Study links congenital heart disease to oil, gas development

By Tauren Dyson

July 18 (UPI) -- Pregnant women who live in close proximity to gas wells and oil refineries put their unborn infants at risk for developing pulmonary artery, aortic artery and valve defects, new research shows.

Mothers who live in areas with heavy oil and gas developments have between a 40 percent and 70 percent greater chance of giving birth to babies with congenital heart defects, according to a study published Thursday in Environment International.


"We observed more children were being born with a congenital heart defect in areas with the highest intensity of oil and gas well activity," Lisa McKenzie, a researcher at the University of Colorado and study seniors author, said in a news release.

The study included more than 3,300 infants born in Colorado between 2005 and 2011. It found those children had a higher risk of aortic artery, conotruncal, tricuspid valve and other heart defects if they were born near areas with concentrated oil and gas activity.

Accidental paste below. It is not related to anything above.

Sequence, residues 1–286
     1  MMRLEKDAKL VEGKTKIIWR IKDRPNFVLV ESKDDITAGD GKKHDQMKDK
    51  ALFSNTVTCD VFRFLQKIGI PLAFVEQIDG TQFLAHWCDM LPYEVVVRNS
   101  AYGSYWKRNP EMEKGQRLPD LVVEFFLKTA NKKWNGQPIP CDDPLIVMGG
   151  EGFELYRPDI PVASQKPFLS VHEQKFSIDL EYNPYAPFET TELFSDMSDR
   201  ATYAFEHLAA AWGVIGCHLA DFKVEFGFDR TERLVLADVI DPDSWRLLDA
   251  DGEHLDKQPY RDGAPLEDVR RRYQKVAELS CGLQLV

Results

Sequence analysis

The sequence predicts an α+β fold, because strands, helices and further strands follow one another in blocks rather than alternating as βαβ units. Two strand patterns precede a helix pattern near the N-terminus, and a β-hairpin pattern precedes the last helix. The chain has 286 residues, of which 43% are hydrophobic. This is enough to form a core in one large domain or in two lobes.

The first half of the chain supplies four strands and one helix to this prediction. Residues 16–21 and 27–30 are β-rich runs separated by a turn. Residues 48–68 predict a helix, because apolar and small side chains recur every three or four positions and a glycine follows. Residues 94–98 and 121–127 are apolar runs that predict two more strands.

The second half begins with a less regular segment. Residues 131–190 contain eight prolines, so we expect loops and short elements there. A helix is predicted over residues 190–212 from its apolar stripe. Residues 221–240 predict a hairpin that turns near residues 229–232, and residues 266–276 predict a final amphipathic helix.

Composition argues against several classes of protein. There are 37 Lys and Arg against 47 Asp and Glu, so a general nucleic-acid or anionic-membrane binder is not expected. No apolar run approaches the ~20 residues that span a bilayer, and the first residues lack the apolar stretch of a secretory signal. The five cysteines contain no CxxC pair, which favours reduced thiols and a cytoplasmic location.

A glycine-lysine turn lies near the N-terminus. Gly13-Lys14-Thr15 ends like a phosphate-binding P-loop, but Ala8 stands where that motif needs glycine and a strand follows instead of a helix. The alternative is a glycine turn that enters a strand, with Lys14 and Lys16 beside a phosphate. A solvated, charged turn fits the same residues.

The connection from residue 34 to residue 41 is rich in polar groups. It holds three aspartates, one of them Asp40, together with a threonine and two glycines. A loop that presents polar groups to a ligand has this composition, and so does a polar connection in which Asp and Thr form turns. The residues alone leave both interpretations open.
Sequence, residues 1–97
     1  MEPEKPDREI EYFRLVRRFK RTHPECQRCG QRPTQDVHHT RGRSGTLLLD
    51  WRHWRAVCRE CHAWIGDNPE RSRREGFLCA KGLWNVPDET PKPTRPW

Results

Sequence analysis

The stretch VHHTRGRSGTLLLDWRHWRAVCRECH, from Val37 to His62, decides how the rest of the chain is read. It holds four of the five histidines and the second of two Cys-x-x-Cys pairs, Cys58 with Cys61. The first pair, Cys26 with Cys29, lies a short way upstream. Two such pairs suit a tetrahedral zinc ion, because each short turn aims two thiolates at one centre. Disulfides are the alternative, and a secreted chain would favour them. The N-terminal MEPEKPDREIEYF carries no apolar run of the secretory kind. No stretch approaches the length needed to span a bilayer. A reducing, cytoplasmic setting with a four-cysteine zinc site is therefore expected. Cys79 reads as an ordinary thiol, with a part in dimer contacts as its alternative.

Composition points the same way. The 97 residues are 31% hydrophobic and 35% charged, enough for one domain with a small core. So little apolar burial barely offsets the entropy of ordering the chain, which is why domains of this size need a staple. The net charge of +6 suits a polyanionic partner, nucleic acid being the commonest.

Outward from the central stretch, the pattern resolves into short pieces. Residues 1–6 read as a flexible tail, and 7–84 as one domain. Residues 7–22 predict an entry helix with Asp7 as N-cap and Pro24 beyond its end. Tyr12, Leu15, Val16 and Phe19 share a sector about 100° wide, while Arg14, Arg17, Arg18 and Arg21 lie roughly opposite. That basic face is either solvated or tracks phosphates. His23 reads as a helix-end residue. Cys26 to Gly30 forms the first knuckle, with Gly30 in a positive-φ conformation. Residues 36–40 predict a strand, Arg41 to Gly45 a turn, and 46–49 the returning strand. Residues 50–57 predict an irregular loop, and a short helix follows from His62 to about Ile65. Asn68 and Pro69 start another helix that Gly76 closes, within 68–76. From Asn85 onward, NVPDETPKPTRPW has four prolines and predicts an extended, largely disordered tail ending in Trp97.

This research follows up on a 2014 study that showed a link between the increase in congenital heart defects cases and gas well density within 10 miles of the homes of mothers with newborns.


Each year, about 40,000 babies are born with congenital heart defects, according to the Centers for Disease Control and Prevention.

"This study provides further evidence of a positive association between maternal proximity to oil and gas well site activities and several types of congenital heart defects," she said. "Taken together, our results and expanding development of oil and gas well sites underscore the importance of continuing to conduct comprehensive and rigorous research on health consequences of early life exposure to oil and gas activities."

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